A sample text widget

Etiam pulvinar consectetur dolor sed malesuada. Ut convallis euismod dolor nec pretium. Nunc ut tristique massa.

Nam sodales mi vitae dolor ullamcorper et vulputate enim accumsan. Morbi orci magna, tincidunt vitae molestie nec, molestie at mi. Nulla nulla lorem, suscipit in posuere in, interdum non magna.

What does Cesarean section mean?

A Cesarean section is also known as:
• C-section
• Caesarian section
• Cesarean section
• Caesar
A C-Section is a surgical procedure.

Overview of Cesarean section

• This is a procedure wherein either one or more than one cut or incision is made on the abdomen of pregnant women who is ready for delivery.
• This is also known as laparotomy when the incision is made on the abdomen.
• It is known as hysterotomy when the incision is made on uterus to deliver babies when it can be one or more than one.
• It is rarely used for removing fetus that is expired.
• Sometimes it is used for late time abortions.
• Such a C- section is termed a hysterotomy abortion.
• The first modern Caesarean section was done by a German gynecologist named Ferdinand Adolf Kehrer in 1881.
• A C-section is done mostly when a normal or a vaginal delivery becomes difficult or where there is a risk to either mother or baby or both.
• At present, it is also done on request.
• Elective cesarean is said to be harmful to both mother and baby and hence it is non-medical to perform C-Section before 39 weeks.

Types of Cesarean section

• There are many types of C section.
• The difference is made on the cut location.
• It depends whether the cut is made on or apart from uterus.
• The classical C section makes a mid-line longitudinal incision.
• It is done so for more space availability for the baby’s delivery.
• This is avoided mostly today due to health complications.
• The common C-Section used today is the lower uterine segment section.
• This is where a transverse incision is done which is just above the edge of the bladder.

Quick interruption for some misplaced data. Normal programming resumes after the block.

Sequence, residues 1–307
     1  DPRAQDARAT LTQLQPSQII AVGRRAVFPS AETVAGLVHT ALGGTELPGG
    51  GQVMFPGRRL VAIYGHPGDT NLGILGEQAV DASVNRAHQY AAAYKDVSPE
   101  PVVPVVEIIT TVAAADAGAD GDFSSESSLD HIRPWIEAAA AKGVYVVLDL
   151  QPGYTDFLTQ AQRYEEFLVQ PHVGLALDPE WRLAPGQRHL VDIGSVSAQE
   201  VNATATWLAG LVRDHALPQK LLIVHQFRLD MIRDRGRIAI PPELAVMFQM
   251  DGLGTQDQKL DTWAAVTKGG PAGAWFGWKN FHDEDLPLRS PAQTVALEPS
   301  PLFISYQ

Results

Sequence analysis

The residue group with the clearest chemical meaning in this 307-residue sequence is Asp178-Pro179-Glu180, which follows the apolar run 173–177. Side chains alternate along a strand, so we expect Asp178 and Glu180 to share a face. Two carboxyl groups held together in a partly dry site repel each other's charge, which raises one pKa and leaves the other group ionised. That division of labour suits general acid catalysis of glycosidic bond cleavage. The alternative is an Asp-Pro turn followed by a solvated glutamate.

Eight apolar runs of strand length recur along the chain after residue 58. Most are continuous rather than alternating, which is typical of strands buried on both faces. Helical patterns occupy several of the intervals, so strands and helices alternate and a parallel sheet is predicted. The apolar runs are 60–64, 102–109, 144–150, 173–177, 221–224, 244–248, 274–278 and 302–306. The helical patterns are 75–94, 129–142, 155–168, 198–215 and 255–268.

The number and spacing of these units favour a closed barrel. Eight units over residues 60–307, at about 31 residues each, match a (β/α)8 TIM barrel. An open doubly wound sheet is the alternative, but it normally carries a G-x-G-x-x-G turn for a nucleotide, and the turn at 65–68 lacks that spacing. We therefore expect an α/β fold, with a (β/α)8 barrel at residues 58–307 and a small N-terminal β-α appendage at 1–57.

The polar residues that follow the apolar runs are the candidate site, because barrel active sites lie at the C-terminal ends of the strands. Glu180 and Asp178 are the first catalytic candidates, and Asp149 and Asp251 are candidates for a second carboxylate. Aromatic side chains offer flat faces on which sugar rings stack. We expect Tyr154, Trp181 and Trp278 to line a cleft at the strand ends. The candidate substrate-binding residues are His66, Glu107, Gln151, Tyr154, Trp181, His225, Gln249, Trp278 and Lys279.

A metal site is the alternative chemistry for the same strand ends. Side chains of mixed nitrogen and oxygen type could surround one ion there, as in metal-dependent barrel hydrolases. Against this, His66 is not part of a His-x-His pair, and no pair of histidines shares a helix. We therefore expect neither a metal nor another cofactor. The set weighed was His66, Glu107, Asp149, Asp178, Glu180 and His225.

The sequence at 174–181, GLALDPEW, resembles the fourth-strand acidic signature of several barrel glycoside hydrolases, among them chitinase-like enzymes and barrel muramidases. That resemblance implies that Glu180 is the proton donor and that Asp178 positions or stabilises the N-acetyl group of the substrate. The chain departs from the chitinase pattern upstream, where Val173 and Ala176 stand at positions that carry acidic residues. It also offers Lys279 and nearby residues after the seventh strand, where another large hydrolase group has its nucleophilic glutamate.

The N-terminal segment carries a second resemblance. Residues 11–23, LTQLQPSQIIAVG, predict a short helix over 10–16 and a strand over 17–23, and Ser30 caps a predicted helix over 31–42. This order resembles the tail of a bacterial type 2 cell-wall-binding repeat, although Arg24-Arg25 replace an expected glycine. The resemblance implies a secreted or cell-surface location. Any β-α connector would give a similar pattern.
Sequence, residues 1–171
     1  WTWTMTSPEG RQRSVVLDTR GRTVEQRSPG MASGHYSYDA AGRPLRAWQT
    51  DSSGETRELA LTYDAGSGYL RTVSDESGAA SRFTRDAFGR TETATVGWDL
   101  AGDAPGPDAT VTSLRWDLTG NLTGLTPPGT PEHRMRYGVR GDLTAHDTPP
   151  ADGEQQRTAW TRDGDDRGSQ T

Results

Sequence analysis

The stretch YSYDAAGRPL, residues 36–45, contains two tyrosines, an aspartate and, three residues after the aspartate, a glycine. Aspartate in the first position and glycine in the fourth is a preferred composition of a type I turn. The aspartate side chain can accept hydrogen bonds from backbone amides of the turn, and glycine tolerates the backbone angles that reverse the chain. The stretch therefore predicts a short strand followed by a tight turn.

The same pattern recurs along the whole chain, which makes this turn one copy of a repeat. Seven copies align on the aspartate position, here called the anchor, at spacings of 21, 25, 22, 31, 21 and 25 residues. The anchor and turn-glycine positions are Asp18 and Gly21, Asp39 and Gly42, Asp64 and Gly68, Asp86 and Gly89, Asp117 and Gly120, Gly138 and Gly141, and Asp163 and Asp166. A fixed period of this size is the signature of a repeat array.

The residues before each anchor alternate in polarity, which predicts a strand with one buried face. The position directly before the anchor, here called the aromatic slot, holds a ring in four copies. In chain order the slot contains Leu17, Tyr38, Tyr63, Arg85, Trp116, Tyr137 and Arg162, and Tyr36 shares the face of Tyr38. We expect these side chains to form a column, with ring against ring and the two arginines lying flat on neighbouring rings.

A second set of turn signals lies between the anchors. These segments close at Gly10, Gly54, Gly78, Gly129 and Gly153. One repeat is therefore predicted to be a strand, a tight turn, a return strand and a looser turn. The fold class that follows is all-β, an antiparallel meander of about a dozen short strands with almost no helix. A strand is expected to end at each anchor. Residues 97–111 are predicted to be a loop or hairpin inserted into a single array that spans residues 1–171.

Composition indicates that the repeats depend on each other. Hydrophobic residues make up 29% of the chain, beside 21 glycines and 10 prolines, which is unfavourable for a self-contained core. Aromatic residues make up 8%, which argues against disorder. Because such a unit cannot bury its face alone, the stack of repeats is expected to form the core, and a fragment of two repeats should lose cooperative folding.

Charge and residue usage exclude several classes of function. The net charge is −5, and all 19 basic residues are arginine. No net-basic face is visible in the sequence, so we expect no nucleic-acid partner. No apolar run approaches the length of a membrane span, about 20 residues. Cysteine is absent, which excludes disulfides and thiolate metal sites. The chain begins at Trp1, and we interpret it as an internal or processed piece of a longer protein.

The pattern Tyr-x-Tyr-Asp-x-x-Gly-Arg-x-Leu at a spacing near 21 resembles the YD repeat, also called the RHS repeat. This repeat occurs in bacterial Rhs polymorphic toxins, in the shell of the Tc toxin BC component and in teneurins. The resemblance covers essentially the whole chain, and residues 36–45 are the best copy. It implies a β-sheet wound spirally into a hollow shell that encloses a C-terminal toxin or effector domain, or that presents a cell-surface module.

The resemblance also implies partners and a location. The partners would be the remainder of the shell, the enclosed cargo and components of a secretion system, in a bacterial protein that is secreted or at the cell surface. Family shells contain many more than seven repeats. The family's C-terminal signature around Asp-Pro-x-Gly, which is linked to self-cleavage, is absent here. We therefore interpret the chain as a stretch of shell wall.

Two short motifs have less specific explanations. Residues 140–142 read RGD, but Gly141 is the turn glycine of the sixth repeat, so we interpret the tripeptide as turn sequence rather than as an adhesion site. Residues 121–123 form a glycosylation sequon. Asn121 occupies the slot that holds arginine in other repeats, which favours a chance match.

• This helps in less blood loss.
• It is also easier to repair.
• A crash or emergency C-section is done in an obstetric emergency.
• This is done where there is risk of death of mother or baby or both involved.
• A planned caesarean which is also known as elective C-Section is done either for medical reasons or being close to due date.
• A C hysterectomy involves a C-section followed by the removal of the uterus.
• This is done in the case of intractable bleeding.
• This is also done when the placenta cannot be separated from the uterus.

Other forms of C section
• Extraperitoneal Caesarean section
• Porro Caesarean section.
• C section can be done with single or double layer suturing of the uterine cut.

Indications for a C Section

• prolonged labour
• dystocia
• fetal distress
• cord prolapse
• uterine rupture
• increased blood pressure
• tachycardia
• placenta praevia
• placental abruption
• placenta accreta
• breech or transverse positions
• failed labour induction
• failed instrumental delivery
• large baby weight
• vasa previa
• multilobate
• succenturiate-lobed placentas
• velamentous insertion

Other Complications
• pre-eclampsia
• hypertension
• multiple births
• earlier fetus
• previous C section
• uterine rupture
• prior problems
• Bicornuate uterus

How is Anesthesia given in Cesarean section?

• Anesthesia can be given in two types.
• They are general and regional.
• This is either the whole body is put to unconsciousness which is general anesthesia or a part of the body where in the surgery has to performed which is called local or regional anesthesia.
• In a C-Section a local anesthesia helps in the interaction of mother and baby immediately after the delivery.
• Regional anesthesia includes spinal, epidural or both.

Other advantages of regional anesthesia include:
• Absence of typical risks of general anesthesia
• Pulmonary aspiration
• O esophageal intubation

The Essential C-Section Guide Strategies for the C-Section Mom Worry Free C-Section

Leave a Reply

You can use these HTML tags

<a href="" title=""> <abbr title=""> <acronym title=""> <b> <blockquote cite=""> <cite> <code> <del datetime=""> <em> <i> <q cite=""> <s> <strike> <strong>